Intel Turns to Atheros to Kick Start 802.11a Push

Intel Corp., which on Monday upgraded its status in the Wireless Ethernet
Compatibility Alliance (WECA) to board member from general member, has
turned to Sunnyvale, Calif.-based start-up Atheros Communications Inc., to
help with its wireless LAN (WLAN) efforts.

The Santa Clara, Calif.-based chip giant plans to ship WLAN products
based on chipsets designed by Atheros, a company founded in May 1998 by
Stanford University professor Dr. Teresa H. Meng., who has been developing
the IEEE 802.11a standard which transfers data at rates of 54 megabits per
seconds (Mbps) over the relatively uncongested 5 GHz band of the
eletromagnetic spectrum.

Atheros, which recently demonstrated its 802.11 circuitry to internet.com last month, has a
two-chip “radio-on-a-chip” (RoC) solution that is standardized on the 0.25
micron digital CMOS — one of the only companies that currently has 802.11a
silicon on the market.

“It’s very good for Atheros. Here you have the validation of one of the
more significant players in the market,” said Navin Sabharwal, vice
president of residential & networking technologies at Allied Business
Intelligence. “Ultimately, they [Intel] want to become first to market.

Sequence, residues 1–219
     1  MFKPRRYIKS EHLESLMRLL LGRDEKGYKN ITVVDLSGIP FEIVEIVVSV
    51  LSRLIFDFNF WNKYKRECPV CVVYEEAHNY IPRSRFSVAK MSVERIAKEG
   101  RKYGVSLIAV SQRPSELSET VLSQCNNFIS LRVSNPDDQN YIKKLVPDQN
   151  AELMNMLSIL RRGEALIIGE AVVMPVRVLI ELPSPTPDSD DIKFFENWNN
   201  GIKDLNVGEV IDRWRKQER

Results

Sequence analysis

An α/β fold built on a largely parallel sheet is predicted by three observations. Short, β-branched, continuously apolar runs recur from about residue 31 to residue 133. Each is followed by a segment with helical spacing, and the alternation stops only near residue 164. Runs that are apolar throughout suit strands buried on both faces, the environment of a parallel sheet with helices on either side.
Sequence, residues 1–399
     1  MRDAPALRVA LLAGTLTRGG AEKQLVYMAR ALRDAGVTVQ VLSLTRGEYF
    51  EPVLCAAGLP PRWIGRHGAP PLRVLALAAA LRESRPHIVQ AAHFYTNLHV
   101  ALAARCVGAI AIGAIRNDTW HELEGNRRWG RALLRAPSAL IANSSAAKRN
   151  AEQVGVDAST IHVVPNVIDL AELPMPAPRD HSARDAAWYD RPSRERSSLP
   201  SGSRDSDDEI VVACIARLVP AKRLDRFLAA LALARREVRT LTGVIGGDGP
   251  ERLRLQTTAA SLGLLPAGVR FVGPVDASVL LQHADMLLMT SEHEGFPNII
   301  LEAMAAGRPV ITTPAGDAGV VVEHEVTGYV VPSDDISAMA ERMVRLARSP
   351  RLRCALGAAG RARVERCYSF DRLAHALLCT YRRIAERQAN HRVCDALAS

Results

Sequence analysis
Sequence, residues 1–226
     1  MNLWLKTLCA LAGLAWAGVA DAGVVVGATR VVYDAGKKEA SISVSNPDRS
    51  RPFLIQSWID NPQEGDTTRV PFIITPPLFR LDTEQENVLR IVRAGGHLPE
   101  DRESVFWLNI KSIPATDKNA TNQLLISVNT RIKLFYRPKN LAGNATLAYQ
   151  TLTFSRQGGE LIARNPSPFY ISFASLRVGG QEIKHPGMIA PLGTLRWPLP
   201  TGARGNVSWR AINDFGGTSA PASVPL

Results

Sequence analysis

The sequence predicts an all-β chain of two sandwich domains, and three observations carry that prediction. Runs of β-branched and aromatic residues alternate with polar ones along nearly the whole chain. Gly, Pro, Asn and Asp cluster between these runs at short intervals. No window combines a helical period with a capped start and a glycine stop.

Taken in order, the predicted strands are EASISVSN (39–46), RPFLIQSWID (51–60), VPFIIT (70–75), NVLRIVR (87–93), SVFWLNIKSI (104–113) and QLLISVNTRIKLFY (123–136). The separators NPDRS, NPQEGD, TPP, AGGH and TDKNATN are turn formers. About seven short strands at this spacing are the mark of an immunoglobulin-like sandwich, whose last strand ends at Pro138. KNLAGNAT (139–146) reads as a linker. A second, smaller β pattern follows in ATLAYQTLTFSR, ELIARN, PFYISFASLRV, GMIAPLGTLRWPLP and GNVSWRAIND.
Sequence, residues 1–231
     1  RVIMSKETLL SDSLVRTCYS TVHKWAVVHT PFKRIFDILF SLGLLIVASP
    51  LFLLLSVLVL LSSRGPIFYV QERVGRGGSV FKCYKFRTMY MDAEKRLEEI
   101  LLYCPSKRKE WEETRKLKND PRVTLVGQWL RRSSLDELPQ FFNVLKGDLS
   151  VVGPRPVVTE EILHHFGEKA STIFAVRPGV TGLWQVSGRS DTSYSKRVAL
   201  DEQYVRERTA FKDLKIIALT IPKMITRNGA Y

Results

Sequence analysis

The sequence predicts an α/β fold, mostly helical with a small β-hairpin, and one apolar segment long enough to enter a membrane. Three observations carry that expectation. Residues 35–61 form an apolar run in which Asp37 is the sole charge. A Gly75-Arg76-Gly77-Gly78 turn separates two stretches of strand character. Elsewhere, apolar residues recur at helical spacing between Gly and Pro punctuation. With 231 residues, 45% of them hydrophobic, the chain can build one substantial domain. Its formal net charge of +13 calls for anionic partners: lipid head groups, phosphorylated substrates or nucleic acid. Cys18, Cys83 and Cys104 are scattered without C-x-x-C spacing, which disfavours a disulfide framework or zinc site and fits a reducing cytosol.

Right now, they don’t have any choice but to use Atheros.”

The marketing prowess of a behemoth like Intel gives Atheros a clear
advantage compared with other start-ups pushing the nascent 802.11a
specification. Other Atheros customers include Proxim Inc. and TDK Corp.

And conversely, thanks to Atheros’ development efforts, Intel expects to
have products on the market before the end of this year, possibly as early
as November. Just weeks ago, the company formalized its strategy of WLAN based on 802.11b after switching from the HomeRF
standard last spring. To many observers, Intel was seen as a late entrant
into the 802.11 market. However, Intel is expected to develop its own
proprietary 802.11a chipset in the future.

Still, the presence of a giant like Intel doesn’t bother incumbent
players like Irvine, Calif.-based Intersil. According to Chris Henningsen,
Intersil’s vice president of marketing, the company is expecting to ship
silicon based on 802.11a within the next 45 days. In addition, Intersil’s
proposal for 802.11g next week is widely expected to become an official
standard of the Institute of Electrical and Electronics Engineers (IEEE).

To be sure, while time-to-market could provide early advantages,
Sabharwal believes that the ramp-up on 802.11 WLAN will be slow because as
new products roll out, they will have to meet interoperability standards.
“IT managers are also going to look for testing and qualification as an
important criteria, especially because .11a product will be aimed at
enterprise markets,” the analyst explained.

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